But no response came from Hartford. The then mayor declared his support for a new arena and a returned Whalers as part of a large downtown reclamation project but no action occurred until last year’s proposal for a renovated XL Center.

Now Hartford has taken another tangible step to try and get back into the NHL, but not by expansion but relocation. The target is their closest neighbor, the New York Islanders, a franchise with known arena problems.

islanders

Currently the Islanders play in probably the worst arena in the NHL, the Barclay’s Center which has poor ice, the second smallest seating capacity in the NHL, and is the only NHL arena with obstructed seats for hockey. Their fans have shown how much they like the arena by giving the team the second worst attendance in the current season. The Islanders are under contract to play there for two more years but already there is talk of either moving back to their old, newly renovated home on Long Island or building a brand new, larger, modern arena in Queens.

Recently, the Governor of Connecticut and the Hartford mayor signed a letter addressed to the Islanders ownership and management proposing that the team be moved to Hartford when either renovations are completed or a new arena built. They point out that 3.1 million potential fans live within an hour’s drive of the arena and that the team would now be located much closer to its farm team in Bridgeport. And they project that a renovated arena would turn a $2.1 million annual profit.

There has been no response to the letter by the Islanders. The only talk is about being committed to the Barclay’s Center for the immediate future, and the possibility of the Queens arena being built.

From the NHL’s viewpoint, there are three advantages to shifting the Islanders to Hartford. First it honors Bettman’s 2010 promise of bringing back the three lost franchises if they meet his conditions. The second is that the Islanders move out of a bad arena into a better one. The third is that by relocating instead of expanding, the NHL would only have to add one more western expansion team to balance up the conferences and realign into an NFL type structure. And a returned Hartford would be able to renew its rivalries with the New York area teams, the Rangers and Devils, any Quebec based teams, plus possibly Buffalo, Ottawa, and Toronto and above all the Boston Bruins.

The difficulty with shifting the Islanders to Hartford is their heritage and history. Does the NHL want the only American NHL franchise to win four consecutive Stanley Cups, a feat only accomplished twice before by Montreal, and the American expansion franchise currently tied with the Pittsburgh Penguins for most Stanley Cup victories by an expansion team since 1967 to disappear? Losing a 45 year old franchise with such a glorious history like the Islanders would be damaging to the league’s image and prestige. It was one thing to shift inglorious, unwanted, Atlanta to Winnipeg. It would be much tougher for the Islanders to leave.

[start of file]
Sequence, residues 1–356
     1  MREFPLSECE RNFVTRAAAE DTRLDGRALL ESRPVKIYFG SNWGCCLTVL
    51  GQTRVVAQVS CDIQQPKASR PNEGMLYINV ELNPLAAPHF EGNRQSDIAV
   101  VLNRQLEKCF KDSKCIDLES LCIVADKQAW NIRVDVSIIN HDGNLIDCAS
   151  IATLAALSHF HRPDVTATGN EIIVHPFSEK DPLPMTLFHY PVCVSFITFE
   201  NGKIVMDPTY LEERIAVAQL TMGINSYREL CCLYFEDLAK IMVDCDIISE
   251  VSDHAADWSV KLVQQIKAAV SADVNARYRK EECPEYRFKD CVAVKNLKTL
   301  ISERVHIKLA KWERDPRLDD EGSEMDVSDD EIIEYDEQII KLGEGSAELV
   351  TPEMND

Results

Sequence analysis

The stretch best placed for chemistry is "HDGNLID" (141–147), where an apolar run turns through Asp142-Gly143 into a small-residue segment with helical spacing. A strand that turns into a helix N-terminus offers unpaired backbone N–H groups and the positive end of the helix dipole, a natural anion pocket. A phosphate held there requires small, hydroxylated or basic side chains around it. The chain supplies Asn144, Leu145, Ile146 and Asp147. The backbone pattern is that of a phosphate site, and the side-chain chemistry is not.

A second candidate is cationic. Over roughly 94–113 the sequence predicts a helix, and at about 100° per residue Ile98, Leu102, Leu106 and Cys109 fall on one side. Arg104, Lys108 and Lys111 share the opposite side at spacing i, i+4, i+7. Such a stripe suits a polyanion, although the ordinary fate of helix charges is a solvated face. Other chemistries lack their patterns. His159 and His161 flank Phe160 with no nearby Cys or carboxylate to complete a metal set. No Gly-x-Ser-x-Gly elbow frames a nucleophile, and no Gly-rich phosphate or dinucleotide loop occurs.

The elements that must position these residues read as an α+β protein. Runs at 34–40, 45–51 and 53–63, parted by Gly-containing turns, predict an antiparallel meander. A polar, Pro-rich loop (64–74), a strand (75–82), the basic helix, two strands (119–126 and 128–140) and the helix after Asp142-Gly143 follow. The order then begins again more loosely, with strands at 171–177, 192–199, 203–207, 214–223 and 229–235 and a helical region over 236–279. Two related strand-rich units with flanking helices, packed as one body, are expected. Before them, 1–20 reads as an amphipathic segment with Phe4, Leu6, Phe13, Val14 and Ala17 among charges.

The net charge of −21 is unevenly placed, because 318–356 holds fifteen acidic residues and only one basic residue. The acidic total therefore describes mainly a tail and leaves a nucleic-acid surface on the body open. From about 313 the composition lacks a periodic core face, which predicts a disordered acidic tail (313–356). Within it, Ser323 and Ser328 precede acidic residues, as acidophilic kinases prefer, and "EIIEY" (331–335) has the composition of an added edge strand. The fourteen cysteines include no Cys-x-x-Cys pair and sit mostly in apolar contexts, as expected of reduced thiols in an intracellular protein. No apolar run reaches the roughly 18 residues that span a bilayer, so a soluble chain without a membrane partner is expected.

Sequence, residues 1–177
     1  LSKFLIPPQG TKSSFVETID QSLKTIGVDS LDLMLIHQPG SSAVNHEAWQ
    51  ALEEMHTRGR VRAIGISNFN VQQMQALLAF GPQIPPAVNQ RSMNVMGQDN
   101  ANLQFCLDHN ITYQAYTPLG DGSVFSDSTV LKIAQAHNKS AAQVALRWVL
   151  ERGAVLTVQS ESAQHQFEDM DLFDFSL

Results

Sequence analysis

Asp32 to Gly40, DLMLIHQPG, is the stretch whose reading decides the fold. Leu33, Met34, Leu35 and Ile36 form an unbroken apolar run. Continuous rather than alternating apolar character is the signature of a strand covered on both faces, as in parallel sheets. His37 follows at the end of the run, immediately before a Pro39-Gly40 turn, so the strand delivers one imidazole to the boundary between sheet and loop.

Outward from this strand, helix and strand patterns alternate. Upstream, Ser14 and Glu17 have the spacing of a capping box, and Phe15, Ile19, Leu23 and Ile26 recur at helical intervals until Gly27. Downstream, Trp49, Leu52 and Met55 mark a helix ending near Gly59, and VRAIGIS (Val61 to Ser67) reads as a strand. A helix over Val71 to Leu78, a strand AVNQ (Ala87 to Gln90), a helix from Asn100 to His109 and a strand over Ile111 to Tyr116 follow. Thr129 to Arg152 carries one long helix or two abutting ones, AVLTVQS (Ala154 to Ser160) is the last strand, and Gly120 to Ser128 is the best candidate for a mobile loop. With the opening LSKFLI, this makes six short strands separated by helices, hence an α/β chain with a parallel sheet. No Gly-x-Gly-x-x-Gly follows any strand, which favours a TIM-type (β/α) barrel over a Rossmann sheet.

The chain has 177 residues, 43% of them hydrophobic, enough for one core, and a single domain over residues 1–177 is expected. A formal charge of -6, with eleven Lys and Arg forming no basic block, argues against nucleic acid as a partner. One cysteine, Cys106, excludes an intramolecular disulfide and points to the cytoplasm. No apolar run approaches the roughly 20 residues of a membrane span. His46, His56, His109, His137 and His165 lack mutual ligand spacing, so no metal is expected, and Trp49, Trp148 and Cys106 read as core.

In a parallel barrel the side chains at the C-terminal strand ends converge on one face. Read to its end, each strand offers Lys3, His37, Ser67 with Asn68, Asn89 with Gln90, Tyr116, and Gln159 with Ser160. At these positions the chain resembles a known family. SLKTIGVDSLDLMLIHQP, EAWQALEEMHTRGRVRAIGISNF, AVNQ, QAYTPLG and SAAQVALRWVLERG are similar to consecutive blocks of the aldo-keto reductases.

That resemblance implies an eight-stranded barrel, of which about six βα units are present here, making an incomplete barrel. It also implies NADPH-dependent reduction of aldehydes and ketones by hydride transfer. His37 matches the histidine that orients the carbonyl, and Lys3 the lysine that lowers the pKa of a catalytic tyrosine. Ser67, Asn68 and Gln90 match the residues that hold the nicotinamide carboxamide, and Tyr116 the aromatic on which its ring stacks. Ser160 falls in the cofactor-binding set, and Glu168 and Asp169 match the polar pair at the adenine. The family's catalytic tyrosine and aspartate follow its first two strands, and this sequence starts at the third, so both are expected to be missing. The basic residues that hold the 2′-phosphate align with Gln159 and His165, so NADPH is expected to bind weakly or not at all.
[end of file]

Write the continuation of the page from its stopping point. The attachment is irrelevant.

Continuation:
Probably the NHL secretly would prefer the Queens arena proposal and hope everything works out. It is doubtful that the Islanders will remain in the Barclay’s Center when their contract expires. But perhaps the governor and mayor have targeted the wrong Eastern Conference franchise. It would be much easier shifting inglorious Florida or Columbus, two other teams with serious attendance problems.

Also with Bettman making proposals to bring back the three lost franchises plus expanding to Las Vegas, it shows that the NHL is willing to expand past the symmetrical 32 team barrier to the next symmetrical number of 40 (2 conferences with 4 divisions each, with 5 teams to a division). And offering Hartford an expansion team instead allows the league to collect another $500 million expansion fee.

But whether if by arena renovation, or new construction, expansion or relocation, the important thing is that the Hartford Whalers are now being talked about as becoming a reality again, instead of memories and nostalgia. The important thing is that significant public officials as well as their old fans want the Whalers back. Perhaps the next tangible step will be when a suitable rich investor who believes in a returned Hartford Whalers steps forward to make that dream come true.

Young Stars Are In The Right Cities

The NHL’s four newest young stars who have entered the league during the last two years, Connor McDavid, Jack Eichel, Auston Matthews, and Patrik Laine have all landed in the right cities. They all managed to be drafted by teams in cities where hockey is loved and they will be the focus of attention. Last year Edmonton made McDavid the number one pick while Buffalo followed up with Eichel. This year, Toronto chose Matthews first and Winnipeg selected Laine. All teams are happy with the result.

Indeed in Buffalo and Winnipeg, where the Sabres have to compete with the mediocre Bills of the NFL and the Jets are sports rivals with the also-ran Blue Bombers of the CFL, it can be said that Eichel and Laine are their cities current best professional sports athletes. McDavid shares the Edmonton market with the Eskimos of the CFL who won the Grey Cup one year ago and were contenders again last year. Matthews is coming into an environment where the Maple Leafs share the market with the contending Blue Jays of MLB and the equally contending Raptors of the NBA.